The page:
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FringeReview Scotland 2023

Blaccine First Dose


Genre: Audio Play

Venue: Pitlochry Sound Stage


Low Down

Written by Tonderai Munyevu, Maheni Arthur and Isaac Tomiczek and awash with invigorating music, each monologue contains a strong voice, unafraid to show its vulnerability, although at just over 20 minutes apiece they offer a too-brief synthesis of their subject matter. With three writers taking the helm we have three performances of monologues which investigate the effect of COVID, and the vaccine roll out amongst the black community. There are introductory discussions between the writers which contextualise each monologue. Co-directed by Munyevu and Debbie Hannan they also incorporate the music of Rina Mushonga. Starting with Brixton Royalty by Isaac Tomiczek, and performed by Kiren Kebaili-Dwyerit, is based around not one but two royal visits to Brixton – that of William and Kate and then Harry and Meghan. Pondering the effect that each had upon the community exposes not just the prejudice faced but explores the pride at a non-white entry into that most treasured of familial institutions, as our guide returns to a Brixton, once his working class home of pride but now a middle class stranger to him. Our second podcast, The Process by Maheni Arthur performed by Michelle Tiwo, takes the vaccine and instead of comparing it to the things we consume but know not what is in them offers a feminist perspective of what a smear test and the HPV vaccine may have felt like in comparison. Finally, Trigger Warning by Tonderai Munyevu, performed by Stefan Adegbola, takes as its focus the challenges of the vaccine to the black community and how they have been both castigated and unfairly figure in the number of COVID deaths. It follows our narrator after the death of his vaccine sceptic mother – who did not die of COVID – as he navigates this own response to vaccination and the pandemic.


Brixton Royalty began my odyssey, and it was quite a revelation to me. I found the beginning ponderous and was beginning to feel the narrative would spin away from me but then came the interjections of other voices, obviously played by my guide but it enriched the narrative and gave me the same argument but new perspective. What did make me sit up was the pride around Meghan Markle. I had little considered this and to my chagrin and embarrassment, whilst I found much of the media coverage of her quite disgraceful, had never really thought about the cultural significance she held. As our guide took me through the return to his home, the mixture of the noises of the place and the voices that inhabit it were well crafted into the fabric of facing a pandemic. And so, I sat back, metaphorically, and learned. But even for me, the white man in Scotland, this was a familiar tale of a place once the scourge of the gentry, the home of genuine communities being over developed into elite places that smacked less of comfort and more of privilege. I came to love it, appreciating how it had been crafted well, beautifully written and performed with great feeling – this was a great beginning.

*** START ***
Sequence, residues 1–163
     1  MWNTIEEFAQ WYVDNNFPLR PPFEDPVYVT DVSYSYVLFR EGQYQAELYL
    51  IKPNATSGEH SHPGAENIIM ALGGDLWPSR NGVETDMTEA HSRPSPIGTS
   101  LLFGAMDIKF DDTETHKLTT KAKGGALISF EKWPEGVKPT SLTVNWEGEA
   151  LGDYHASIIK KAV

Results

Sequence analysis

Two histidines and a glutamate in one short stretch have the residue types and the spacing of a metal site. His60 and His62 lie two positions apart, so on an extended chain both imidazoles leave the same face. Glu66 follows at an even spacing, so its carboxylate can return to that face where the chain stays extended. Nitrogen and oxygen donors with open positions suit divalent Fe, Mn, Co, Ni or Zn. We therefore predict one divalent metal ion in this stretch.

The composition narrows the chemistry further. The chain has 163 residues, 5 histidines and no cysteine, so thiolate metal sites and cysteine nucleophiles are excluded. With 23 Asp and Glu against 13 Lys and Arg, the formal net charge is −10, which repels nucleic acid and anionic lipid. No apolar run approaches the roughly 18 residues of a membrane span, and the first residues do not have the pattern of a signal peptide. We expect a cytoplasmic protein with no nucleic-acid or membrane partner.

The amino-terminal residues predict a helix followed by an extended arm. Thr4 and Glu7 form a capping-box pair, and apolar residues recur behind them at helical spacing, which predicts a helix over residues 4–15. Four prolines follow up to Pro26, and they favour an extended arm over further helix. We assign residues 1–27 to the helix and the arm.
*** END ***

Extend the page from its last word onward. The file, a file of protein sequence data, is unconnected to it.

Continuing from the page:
The Process by Maheni Arthur took this journey off on a direction I little expected and again the production values shone. This was something where the foley artists managed to bring the text to the fore and allow our guide to really take us with her. The idea behind the connections between the black community and the various medically invasive procedures we now take as a normal part of growing up – the smear test and the HPV vaccine – was a tremendously creative vehicle to allow the frustration to be platformed with passion. The tone is not of a fury but of a confusion which doesn’t build but takes reasonable steps to show just how complex this has been as an issue for our communities – doubly so for a marginalised one. There is an overwhelming feeling that this unique perspective has been hidden away from being heard – such is the thrust of the narrative – and it works well, though this time, I wanted to delve deeper, to know more and feel a counter point to the narrative being offered.

The third, Trigger Warning by Tonderai Munyevu, manages to take us through the unavoidable reality that COVID affected the black community disproportionally whilst the death of his COVID vaccine sceptic mother has caused him to pause. That pause is temporary as he does his research and decides to help his own community out by being vaccinated. It is a wide ranging topic in a short blast which, like the others has much to commend it but little time in which to develop it, but here I felt it blend and suggest in ways that made me want to have more of it.

It was therefore an uneven listen. Which is as it should be. There are three voices here, who should not be asked to represent a whole community but act as a gateway to their community. Rather than being judged as spokespeople, they ask a question, pose a suggested solution and ask us to respond. And my response is to ask for more. There is a richness in subject matter which in three developed 20 minute podcasts can ask for references to be made, nods to the subject matters to be acknowledged but there cannot be much by way of deep and meaningful dialogue – or even monologue. We are listening to one person’s perspective. We need there to be more investment in engaging a wider range of rich voice to tell their tale – it’s not like we lack white people’s views – just turn on the TV…


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